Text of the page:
At Newbrugh, one summer's day at a customer's house, noticed a strange little girl. On asking where she came from, told me, Lyme Regis. A wartime pal lived there, so was very interested, at the house asked who had come with her, was a grand-parent, I was thrilled when saying she knew Henry Stapleforth, he being a taxi proprietor also a neighbour. I gave her a note to give to him, was pleased to do so. I have related about Henry in my was experiences, one was we swapped my cigarettes for the malted milk tablets he got from home. Not having heard about him since in the war, was pleased on getting a letter and have seen my pal three times since.

    In this same district once, had to see an elderly spinster about paraffin, no answer to my knocking. The door being ajar I entered to look for and saw the occupant, she was sat in a chair looking up at me with a demented stare, finding the can, filled it. Lower down the road, told a person who I knew did visit the lady, about what I'd seen. That same night, a policeman came to see me, asked about this person, the circumstances of when seeing her that day.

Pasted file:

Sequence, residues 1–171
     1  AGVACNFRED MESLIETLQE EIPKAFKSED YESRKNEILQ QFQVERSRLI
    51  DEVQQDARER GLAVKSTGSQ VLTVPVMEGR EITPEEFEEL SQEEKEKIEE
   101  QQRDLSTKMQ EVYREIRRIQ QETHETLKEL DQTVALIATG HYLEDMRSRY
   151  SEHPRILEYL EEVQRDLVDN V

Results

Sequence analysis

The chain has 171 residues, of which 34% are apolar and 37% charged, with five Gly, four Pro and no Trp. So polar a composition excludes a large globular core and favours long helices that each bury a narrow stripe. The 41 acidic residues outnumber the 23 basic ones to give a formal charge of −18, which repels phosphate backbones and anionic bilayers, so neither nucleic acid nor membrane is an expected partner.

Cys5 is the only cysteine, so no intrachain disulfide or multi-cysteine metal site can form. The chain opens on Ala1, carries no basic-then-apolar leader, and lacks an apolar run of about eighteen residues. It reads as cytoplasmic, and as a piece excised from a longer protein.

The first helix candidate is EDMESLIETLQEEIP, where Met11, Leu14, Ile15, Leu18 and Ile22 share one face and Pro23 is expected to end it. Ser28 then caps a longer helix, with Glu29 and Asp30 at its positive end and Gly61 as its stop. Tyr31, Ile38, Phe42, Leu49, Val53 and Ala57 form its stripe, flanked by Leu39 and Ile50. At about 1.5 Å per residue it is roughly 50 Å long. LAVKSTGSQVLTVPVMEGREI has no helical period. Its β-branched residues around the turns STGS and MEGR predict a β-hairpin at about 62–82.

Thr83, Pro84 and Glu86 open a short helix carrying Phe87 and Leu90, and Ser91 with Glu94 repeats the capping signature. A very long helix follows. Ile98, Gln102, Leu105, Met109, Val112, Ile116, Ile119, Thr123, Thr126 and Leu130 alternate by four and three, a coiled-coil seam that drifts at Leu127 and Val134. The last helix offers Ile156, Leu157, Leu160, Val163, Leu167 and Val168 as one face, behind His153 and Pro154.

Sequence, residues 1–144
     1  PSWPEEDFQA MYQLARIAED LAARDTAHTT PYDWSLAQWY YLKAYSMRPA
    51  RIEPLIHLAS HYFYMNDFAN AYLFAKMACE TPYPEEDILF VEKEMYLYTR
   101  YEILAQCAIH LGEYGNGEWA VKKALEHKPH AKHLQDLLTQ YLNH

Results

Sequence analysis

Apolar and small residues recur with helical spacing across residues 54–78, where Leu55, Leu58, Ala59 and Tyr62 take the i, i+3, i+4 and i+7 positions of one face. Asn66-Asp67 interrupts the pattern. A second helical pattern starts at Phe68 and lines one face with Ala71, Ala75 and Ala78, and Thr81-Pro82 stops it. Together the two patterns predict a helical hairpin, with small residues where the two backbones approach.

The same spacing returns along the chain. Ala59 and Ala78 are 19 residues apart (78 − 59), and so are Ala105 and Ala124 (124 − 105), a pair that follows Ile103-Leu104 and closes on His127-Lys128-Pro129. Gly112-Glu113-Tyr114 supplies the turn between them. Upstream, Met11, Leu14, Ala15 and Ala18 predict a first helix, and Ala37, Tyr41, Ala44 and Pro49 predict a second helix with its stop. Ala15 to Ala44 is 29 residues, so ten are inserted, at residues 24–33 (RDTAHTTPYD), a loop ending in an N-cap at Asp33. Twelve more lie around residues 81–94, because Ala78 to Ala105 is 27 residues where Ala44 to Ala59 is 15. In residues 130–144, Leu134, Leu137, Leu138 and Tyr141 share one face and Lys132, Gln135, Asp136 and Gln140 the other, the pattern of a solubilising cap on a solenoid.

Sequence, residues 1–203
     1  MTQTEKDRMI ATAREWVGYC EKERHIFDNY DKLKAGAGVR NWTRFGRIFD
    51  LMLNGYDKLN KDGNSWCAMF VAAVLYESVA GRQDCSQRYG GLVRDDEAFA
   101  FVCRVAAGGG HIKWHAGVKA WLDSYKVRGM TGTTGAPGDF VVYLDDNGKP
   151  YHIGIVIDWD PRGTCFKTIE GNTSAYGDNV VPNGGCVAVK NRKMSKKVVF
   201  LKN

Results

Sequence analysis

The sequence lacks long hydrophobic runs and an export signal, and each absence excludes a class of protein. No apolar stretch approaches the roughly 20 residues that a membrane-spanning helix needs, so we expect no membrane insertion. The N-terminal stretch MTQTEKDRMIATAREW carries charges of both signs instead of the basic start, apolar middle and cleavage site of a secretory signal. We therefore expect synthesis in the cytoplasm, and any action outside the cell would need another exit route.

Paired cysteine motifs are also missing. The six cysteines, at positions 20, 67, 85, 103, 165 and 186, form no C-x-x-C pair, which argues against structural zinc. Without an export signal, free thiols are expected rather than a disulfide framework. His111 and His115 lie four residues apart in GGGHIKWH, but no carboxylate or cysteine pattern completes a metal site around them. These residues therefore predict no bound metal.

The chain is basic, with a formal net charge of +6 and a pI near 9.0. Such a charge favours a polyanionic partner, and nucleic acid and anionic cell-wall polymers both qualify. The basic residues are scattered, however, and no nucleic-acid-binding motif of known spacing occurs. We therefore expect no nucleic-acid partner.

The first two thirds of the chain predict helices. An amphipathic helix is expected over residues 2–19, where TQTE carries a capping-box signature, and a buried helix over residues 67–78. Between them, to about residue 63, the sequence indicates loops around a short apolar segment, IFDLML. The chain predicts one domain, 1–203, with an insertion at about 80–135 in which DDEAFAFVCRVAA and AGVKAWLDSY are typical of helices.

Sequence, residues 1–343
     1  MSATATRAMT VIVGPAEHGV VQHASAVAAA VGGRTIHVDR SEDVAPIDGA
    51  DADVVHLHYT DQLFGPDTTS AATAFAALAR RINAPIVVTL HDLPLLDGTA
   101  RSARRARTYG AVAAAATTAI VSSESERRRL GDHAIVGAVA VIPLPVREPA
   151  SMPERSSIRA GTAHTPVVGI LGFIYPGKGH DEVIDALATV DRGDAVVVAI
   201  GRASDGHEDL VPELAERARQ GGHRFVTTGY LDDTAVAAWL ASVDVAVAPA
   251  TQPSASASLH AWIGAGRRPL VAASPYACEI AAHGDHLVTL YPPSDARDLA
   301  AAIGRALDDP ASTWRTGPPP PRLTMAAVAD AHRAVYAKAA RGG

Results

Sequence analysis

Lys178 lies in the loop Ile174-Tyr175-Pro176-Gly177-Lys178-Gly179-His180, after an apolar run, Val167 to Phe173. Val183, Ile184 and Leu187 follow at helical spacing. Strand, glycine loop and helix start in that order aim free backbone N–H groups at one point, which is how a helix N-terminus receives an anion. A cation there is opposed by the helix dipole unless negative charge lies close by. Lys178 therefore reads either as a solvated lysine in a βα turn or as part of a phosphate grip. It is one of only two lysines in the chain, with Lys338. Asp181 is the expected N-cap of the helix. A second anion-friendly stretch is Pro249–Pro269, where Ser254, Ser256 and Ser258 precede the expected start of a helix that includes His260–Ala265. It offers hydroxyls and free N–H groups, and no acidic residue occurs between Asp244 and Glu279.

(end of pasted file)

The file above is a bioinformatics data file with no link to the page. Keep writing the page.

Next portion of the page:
Had gone to bed when he came again, asking how I left the door, found it ajar and left it the same. On Saturday following a police sergeant showed me some photos pertaining to this lady's room. Only knew then she was dead. The people I had told, on going to see, rang up the doctor, on his arrival would not attend to her but got in touch with the police. It was proved she had died of natural causes, I was in the clear.

    Another time near the Farmer's Arms, going to Miss Proe's front door found her groceries there, and no answer to my knocks, looked through the window also a side one and saw nothing amiss. After telling them at the Farmer's they went to inspect and look though a further window saw she had collapsed, found she was dead.

    My horse once ran away from this pub [The Farmer's]. I did catch him up, thought I could stop him easier if I could climb into the van. In doing so my right foot slipped and was run over, did get in and stopped him. It was a struggle to finish my calling at houses, was off work a fortnight.